ISD 518 offers new learning options
WORTHINGTON — Students in Worthington’s 518 school district will be welcomed back to class with a range of technology at their fingertips to aid in their learning experience. The second phase of the district’s technology initiative offers the continuation of iPads in third through eighth grades and tablets for high school students.
Superintendent John Landgaard says students are becoming digital learners. This shift in learning styles has led to a nationwide focus on technology in schools. While each classroom in the district is outfitted with smartboards and projectors, the hope is to put tools into the hands of the students. Last year the district began the first phase of its technology plan by offering iPads to third- through eighth-grade students.
According to studies conducted by the International Society for Technology in Education and Consortium for School Networking, students are improving in reading, writing and math thanks to technology. Further, technology is improving school efficiency, productivity and decision-making while allowing teachers to meet professional requirements.
In District 518, the introduction of iPads in the elementary and middle school levels has had an overall positive effect. This year, the district will expand by offering tablets in the high school. The high school will also replace teachers’ desktop computers with laptops. The change will allow teachers who travel between multiple classrooms to more easily bring their information with them.
“Now the teacher can come in with their laptop at a docking station, put their PowerPoint or their educational program up on the smart boards and teach their lesson,” Landgaard explained.
The district’s increased focus on technology has had many positive results but also a handful of negative ones.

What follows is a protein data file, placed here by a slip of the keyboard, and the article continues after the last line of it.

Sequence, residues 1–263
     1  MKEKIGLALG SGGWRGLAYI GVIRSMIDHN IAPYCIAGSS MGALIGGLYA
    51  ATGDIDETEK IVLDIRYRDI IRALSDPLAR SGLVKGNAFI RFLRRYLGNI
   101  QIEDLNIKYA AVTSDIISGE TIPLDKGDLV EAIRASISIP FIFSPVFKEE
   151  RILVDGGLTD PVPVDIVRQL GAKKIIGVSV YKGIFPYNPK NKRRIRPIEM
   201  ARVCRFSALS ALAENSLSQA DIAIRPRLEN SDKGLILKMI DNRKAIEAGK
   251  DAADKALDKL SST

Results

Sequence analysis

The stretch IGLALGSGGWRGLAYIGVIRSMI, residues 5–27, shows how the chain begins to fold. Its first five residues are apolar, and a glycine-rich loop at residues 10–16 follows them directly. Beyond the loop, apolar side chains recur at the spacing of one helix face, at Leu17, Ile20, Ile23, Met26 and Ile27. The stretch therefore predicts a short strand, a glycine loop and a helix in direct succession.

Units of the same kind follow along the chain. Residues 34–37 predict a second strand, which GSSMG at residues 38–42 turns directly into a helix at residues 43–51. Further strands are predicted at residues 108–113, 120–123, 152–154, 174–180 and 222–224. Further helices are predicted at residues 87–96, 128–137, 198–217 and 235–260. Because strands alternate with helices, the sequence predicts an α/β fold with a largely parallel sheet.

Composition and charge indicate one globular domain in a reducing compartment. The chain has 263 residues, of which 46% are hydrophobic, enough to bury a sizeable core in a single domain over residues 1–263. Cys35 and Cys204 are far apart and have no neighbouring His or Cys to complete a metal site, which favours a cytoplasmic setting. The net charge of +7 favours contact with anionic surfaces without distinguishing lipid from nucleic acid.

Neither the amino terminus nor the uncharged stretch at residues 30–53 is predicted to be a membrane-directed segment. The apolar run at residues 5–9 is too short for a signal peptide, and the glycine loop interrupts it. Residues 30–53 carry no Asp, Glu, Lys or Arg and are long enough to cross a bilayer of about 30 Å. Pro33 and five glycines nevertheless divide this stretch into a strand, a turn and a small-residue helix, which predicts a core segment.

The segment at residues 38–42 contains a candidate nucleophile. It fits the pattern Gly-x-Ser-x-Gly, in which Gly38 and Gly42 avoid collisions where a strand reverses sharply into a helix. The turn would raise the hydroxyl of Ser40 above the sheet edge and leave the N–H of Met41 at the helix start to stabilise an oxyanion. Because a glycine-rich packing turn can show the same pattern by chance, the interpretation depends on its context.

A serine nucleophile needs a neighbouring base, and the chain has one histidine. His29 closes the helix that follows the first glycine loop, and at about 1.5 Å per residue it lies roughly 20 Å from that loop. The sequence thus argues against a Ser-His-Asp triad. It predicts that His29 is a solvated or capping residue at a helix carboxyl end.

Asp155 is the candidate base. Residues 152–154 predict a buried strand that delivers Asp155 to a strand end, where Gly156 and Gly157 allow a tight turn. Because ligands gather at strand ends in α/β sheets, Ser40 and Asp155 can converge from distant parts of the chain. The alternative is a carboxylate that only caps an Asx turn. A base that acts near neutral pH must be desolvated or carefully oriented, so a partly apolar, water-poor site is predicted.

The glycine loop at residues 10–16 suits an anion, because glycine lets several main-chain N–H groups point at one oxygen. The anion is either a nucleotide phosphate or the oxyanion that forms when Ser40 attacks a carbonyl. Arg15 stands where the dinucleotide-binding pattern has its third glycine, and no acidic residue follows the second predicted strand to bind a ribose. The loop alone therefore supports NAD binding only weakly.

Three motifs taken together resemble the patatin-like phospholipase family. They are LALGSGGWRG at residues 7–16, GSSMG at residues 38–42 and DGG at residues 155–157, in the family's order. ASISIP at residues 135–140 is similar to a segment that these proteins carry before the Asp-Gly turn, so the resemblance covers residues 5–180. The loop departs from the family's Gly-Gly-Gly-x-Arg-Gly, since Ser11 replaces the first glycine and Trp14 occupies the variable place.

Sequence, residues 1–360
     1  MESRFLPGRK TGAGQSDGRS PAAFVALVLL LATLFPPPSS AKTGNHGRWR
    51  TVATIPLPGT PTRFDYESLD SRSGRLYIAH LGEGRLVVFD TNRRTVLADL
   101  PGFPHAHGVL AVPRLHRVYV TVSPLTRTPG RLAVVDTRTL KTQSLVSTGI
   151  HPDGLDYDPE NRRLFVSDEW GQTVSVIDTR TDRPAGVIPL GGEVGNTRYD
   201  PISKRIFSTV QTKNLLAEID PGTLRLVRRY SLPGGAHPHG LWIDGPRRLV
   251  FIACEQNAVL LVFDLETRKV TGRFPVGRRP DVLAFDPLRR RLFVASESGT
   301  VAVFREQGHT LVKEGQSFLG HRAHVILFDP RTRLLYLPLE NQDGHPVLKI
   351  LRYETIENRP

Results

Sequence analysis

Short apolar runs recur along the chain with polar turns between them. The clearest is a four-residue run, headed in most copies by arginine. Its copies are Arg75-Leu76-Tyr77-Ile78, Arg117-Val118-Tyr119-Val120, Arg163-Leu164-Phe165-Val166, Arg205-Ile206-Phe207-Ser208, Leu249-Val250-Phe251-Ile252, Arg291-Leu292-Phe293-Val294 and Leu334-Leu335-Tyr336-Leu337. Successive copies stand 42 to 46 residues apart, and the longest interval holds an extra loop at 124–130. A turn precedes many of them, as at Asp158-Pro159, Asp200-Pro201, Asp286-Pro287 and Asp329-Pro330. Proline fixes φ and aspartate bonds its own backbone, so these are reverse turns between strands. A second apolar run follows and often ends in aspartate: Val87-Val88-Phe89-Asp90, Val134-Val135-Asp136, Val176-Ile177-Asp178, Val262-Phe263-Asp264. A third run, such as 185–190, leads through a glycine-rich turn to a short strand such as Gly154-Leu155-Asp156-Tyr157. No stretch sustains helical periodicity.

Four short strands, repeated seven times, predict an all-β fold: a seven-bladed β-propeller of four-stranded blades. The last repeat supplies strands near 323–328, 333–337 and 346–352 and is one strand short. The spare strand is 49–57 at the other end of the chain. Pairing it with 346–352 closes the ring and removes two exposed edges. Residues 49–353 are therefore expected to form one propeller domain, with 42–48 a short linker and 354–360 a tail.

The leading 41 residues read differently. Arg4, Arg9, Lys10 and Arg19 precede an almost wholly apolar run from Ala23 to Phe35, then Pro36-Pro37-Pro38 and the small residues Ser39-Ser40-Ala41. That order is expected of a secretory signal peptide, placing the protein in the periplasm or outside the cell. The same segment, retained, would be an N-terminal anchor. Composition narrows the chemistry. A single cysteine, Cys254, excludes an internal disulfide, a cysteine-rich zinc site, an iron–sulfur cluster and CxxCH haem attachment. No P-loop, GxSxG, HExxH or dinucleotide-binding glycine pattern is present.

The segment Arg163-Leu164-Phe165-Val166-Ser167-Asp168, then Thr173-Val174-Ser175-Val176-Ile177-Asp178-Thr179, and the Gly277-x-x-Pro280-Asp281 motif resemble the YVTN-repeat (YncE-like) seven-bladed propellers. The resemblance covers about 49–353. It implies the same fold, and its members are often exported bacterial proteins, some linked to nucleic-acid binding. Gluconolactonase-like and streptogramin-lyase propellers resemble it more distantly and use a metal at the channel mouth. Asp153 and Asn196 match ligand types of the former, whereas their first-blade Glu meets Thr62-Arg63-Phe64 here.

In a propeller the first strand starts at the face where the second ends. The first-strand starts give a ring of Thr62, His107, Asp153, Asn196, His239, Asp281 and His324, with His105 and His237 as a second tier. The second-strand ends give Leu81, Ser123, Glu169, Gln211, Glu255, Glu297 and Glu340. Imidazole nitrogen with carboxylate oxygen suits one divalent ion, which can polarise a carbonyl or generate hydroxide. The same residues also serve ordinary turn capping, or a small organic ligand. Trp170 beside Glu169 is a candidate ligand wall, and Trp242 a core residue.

“There’s good and there’s bad with it. There’s challenges,” Landgaard explained. “Kids like to play games on them. ... We’ve had to limit some of that. We’ve had a learning curve with our implementation of what we allow kids — and what we don’t allow them — to do.
“The challenges to adopting new technology are not limited to just the students,” he continued. “Teachers have had to adapt to the changes as well.
“With educators, they all have a different comfort level with technology, so they are having to learn how to use that as a learning tool for kids in the classroom.”
To aid teachers in embracing the new tools the district offers, each has received training. In addition, a full-time technology integrationist position was created to offer ongoing help to staff.
Next year, the district aims to expand iPads to kindergarten, first and school grades. A few of the district’s 21 computer labs will be reduced once all children in the district receive an iPad or tablet. Landgaard said those classrooms may then be used for other classes.